When humans stood upright for the first time s/he faced physical challenges four legged animals did not have to deal with. Assuming an upright posture resulted in positioning of the heart much higher than the legs and the brain even higher. This upright posture presented the circulatory system with new physiological challenges. The circulatory system had to figure out how to move blood from the legs against gravity all the way up to the all-important brain. When the body is upright, both during standing and walking, the circulatory system is most stressed. How can the body move blood up the legs against gravity? Returning blood from the legs back to the heart is a challenge even among normal individuals. Returning blood from the legs back to the brain is an even greater challenge.
Rather than having diseased organs, POTS represents autonomic dysfunction, failure of several of the automatic bodily functions that are responsible for maintaining upward circulation of blood while upright. POTS can best be compared to an adolescent with a newly acquired body (tall structure) that has grown quickly … but, the building’s electrical wiring system (automatic functions) has not yet matured fully and is not functioning properly. Normal complex biologic processes (automatic bodily functions) have the responsibility to return blood from the lower body to critical organs like the heart and brain. When not functioning properly, as occurs in POTS patients, excessive blood accumulates in the lower abdomen and lower limbs rather than immediately returning to the heart to recirculate. What’s required is a reliable nervous system that is able to automatically and immediately respond to this relative volume shift – step-in and initiate mechanisms to increase heart rate, vascular tone and ultimately cardiac output.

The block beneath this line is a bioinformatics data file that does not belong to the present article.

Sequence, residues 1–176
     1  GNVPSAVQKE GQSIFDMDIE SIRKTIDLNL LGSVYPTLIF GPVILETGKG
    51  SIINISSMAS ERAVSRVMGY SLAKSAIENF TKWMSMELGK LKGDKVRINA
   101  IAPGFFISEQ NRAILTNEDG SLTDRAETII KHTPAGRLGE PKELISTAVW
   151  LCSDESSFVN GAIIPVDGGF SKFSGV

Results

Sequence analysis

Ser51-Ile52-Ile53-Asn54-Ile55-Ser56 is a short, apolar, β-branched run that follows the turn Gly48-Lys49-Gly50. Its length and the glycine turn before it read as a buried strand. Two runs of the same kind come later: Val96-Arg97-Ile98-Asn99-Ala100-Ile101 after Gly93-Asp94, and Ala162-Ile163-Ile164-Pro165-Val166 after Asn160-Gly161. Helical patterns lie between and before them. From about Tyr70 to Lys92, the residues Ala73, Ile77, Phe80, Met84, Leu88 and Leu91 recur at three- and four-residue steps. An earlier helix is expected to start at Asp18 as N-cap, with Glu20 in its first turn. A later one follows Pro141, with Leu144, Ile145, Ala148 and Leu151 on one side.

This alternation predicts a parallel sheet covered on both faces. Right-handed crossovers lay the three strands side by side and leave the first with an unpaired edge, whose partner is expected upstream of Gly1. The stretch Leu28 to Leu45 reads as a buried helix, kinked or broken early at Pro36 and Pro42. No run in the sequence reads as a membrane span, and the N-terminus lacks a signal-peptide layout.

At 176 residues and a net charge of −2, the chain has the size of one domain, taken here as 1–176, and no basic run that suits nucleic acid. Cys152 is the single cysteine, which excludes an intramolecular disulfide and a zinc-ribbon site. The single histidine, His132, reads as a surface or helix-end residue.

POTS is characterized by rapid heartbeat when standing upright. The primary symptom complex consists of orthostatic (standing upright) intolerance, the body’s difficulty adjusting to the upright position. Rapid heart rate occurs upon assuming an up-right posture or standing position and reverses slowly when reclining. Additional criteria required to establish the diagnosis of POTS include the presence of symptoms related to gravitational shifting of blood to the lower body, decreased cardiac output and sympathetic nervous over-reactivity. Practically all of the bizarre symptoms experienced by patients with POTS are directly related to this diminished blood supply to the heart and brain. Among the most common symptoms are fatigue, headaches, light-headedness, eye and abdominal disturbances. Symptoms may be constant or fluctuate from day to day or week to week. To establish this diagnosis, symptoms usually occur daily and need to have been present for at least 3-6 months.